Where the Life Is
Q: What is the world's most precious substance?
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Most of this is unfamiliar territory for American Christians, but must be explained for the remainder of the book to be clear. For this reason, a look at the Biblical meaning of blood is necessary.
The first bloodshed in history was that of an animal killed by God to make coverings for Adam and Eve's nakedness. The bloodshed has not stopped since. Cain shed Abel's and set the standard for the shedding of innocent blood. But God marked Cain so that others would not shed his blood -- though he was guilty.
God established a principle for capital punishment after the Deluge saying, "Whoever sheds man's blood, by man shall his blood be shed, for in the image of God He made man." (Genesis 9:6) He gave permission to man to eat meat but prohibited him from eating "flesh with its life, that is, its blood." (v. 4) God later reiterated all this in the law of Moses and assigned blood to a pivotal role in sacrifices of atonement and purification.
All ancient cultures, devolving from the Noahic knowledge of God, have clung to blood sacrifices -- human or animal -- in an intuitive recognition of the value of blood for appeasing the gods.
Blood was the sign of the Old Covenant as well as the New. It was a token of the bond between man and God. Improperly used, it made one unclean. Wrongly shed, it made one worthy of death.
The locus of this emphasis placed on blood is the Biblical assertion that "the life of the flesh is in the blood." This is certainly true in the physical sense as blood carries all the oxygen and nourishment to the body. Any part of the body which is deprived of blood circulation dies! But there is spiritual aspect to that blood as well. God created life -- originally meant to be everlasting -- and no one was to spill that life out. The entry of sin into the human equation did not alter the value of life in God's eyes. Blood became the expression of the life that God had created -- and a fulcrum in man's eternal relationship with God. As such, God would not allow blood for common usages like eating.
Contracts in Blood
Another blood covenant was circumcision. This was a binding blood covenant between the man and the God of Israel. Descendants of Abraham were automatically inducted, but others, wishing to follow the ways of the true God, submitted voluntarily.
Atonements in Blood
Nor is there an absence of blood in New Testament Christianity. In fact, the blood of Jesus is at the very core of our faith. Without it there would be no salvation. In communion, both the atonement and the covenant features of this blood are recognized and celebrated.
Western civilization developed the legal principle of capital punishment for specific crimes based upon the Biblical pattern. Though the application of the injunctions of Scripture were sometimes spotty, the central idea was that the innocent ought to be left alone by individuals and government. In the West, the institution of slavery in the United States was a clear reversal of the concept. Slaves, just as in pagan cultures, were not permitted to defend their own lives against "more valuable" members of society (i.e., white people).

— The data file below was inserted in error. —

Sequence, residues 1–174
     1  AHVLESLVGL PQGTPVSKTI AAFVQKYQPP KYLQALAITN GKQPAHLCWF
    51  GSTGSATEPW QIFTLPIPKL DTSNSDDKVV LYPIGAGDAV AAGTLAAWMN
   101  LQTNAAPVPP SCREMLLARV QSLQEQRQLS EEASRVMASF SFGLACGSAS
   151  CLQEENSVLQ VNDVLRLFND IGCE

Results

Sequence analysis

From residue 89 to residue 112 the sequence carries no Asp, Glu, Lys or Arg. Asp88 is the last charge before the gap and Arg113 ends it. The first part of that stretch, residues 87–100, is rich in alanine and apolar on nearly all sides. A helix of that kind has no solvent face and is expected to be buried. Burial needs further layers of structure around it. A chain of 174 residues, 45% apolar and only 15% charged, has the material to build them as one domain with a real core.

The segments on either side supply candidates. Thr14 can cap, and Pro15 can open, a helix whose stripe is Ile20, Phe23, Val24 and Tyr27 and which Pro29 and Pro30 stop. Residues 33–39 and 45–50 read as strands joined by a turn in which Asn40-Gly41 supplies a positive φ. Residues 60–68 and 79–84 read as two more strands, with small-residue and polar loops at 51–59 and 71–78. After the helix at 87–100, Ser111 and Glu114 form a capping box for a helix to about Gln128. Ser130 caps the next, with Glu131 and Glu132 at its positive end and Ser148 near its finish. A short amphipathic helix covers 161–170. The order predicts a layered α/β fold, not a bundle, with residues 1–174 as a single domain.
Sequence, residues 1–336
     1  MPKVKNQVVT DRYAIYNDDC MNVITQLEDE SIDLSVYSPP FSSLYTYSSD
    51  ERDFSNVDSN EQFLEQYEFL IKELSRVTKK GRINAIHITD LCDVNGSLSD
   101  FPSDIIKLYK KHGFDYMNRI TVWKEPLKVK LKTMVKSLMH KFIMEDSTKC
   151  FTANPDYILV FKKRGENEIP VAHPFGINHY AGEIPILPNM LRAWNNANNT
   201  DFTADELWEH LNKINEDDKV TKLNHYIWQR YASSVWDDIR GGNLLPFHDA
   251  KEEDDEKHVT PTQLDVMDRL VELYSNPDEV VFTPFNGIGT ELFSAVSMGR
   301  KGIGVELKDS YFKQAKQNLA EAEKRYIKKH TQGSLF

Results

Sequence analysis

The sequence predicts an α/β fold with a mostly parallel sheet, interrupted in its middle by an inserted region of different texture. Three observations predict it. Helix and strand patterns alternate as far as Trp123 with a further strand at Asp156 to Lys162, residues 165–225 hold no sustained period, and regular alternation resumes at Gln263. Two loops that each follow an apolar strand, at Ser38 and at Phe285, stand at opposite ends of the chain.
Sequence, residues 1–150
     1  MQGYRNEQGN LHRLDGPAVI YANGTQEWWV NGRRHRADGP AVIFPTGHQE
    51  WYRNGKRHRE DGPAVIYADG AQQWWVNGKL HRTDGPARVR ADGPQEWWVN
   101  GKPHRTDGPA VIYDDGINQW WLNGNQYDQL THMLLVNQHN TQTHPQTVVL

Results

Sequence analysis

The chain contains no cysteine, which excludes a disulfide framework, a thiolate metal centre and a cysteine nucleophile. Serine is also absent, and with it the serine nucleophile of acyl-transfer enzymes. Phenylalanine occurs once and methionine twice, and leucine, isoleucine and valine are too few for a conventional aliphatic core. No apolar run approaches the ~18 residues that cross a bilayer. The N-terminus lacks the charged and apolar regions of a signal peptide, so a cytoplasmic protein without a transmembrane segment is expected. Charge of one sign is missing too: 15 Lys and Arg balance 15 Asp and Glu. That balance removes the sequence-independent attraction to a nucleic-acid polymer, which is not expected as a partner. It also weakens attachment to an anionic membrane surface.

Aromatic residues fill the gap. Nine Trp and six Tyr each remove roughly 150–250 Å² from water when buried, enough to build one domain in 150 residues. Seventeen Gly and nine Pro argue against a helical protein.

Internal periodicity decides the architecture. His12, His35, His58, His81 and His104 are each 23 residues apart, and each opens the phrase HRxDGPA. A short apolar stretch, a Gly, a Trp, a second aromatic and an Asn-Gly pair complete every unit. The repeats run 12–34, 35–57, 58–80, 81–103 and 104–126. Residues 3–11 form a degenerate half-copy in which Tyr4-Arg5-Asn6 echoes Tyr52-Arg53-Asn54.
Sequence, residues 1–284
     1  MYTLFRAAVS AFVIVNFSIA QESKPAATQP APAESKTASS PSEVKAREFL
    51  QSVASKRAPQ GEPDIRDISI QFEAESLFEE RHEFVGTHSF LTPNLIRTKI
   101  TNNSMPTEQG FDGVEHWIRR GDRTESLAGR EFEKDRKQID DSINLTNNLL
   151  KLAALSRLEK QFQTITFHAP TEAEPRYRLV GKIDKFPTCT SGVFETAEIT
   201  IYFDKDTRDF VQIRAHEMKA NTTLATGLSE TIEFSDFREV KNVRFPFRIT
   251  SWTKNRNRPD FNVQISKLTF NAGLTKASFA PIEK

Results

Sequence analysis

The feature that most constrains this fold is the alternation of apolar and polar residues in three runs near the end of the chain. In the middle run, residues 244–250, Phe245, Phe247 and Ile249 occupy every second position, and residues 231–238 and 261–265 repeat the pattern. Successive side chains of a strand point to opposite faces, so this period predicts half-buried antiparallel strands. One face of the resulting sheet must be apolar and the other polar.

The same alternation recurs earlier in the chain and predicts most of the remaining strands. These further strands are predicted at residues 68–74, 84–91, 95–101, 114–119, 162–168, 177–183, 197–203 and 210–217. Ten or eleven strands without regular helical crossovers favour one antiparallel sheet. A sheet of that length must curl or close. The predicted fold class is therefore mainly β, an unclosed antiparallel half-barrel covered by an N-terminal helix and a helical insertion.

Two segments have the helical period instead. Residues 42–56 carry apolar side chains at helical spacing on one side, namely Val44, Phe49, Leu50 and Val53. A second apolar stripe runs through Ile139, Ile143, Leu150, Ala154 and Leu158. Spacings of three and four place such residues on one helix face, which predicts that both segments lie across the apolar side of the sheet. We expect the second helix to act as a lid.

The presumption of innocence and the requirement of due process of law were other developments that were founded upon protection of innocent blood.
Dozens of times in Scripture we find God forbidding that people shed innocent blood. 1 The idea was tied to the condemnation of death for sin found in Genesis -- blood was the price of sin. Under the law of Moses, only those who sinned in specific ways were required to give their blood unto death. Others were considered innocent -- though it was recognized that all men sinned.
It was required, as it was told to Noah, that the guilty die. No man could arbitrarily decide to let a murderer go free. That would bring the vicarious guilt of the innocent blood of his victim on the whole land.
Under only one circumstance was innocent blood spilled -- in sacrifices. The burnt offerings of the Israelites were done as typology of the coming Messiah. God required the sacrifice animals to be "without blemish" as a pattern of the sinlessness of Christ and they were, like Christ, offered for the sins of the people.
-- Genesis 4:10
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The verse above is the first recorded description of bloodguilt. I believe it is more than merely poetic -- that there is a sense in which innocent blood that is shed cries to God from the ground. This theme runs throughout the Bible until we see the martyrs crying out for vengeance from under the throne of God. The principle is that the shedding of innocent blood requires the shedding of guilty blood to repay it. The exception is the shedding of the innocent blood of Jesus to remove the bloodguilt from killers who cast themselves upon His mercy.
But being removed from the defilement of blood was so crucial that extraordinary steps were taken. God commanded, for example, that if a murdered man were found outside a city that the elders must assemble at the site and swear that they had not participated in the death nor did they know anything about it. If they did not do this, the bloodguilt for the slain was against that city. (Deuteronomy 21: 1-9) If the nation refused to execute murderers, that bloodguilt would be against Israel. (Deuteronomy 19: 11-13) Those who saw or knew of child sacrifice and who refused to act against it were accounted as guilty of the blood of the sacrificed children. (Leviticus 20: 1-5)
God cuts very little slack when it comes to bloodguilt -- and America is a bloodguilty nation as we will see in the next chapters.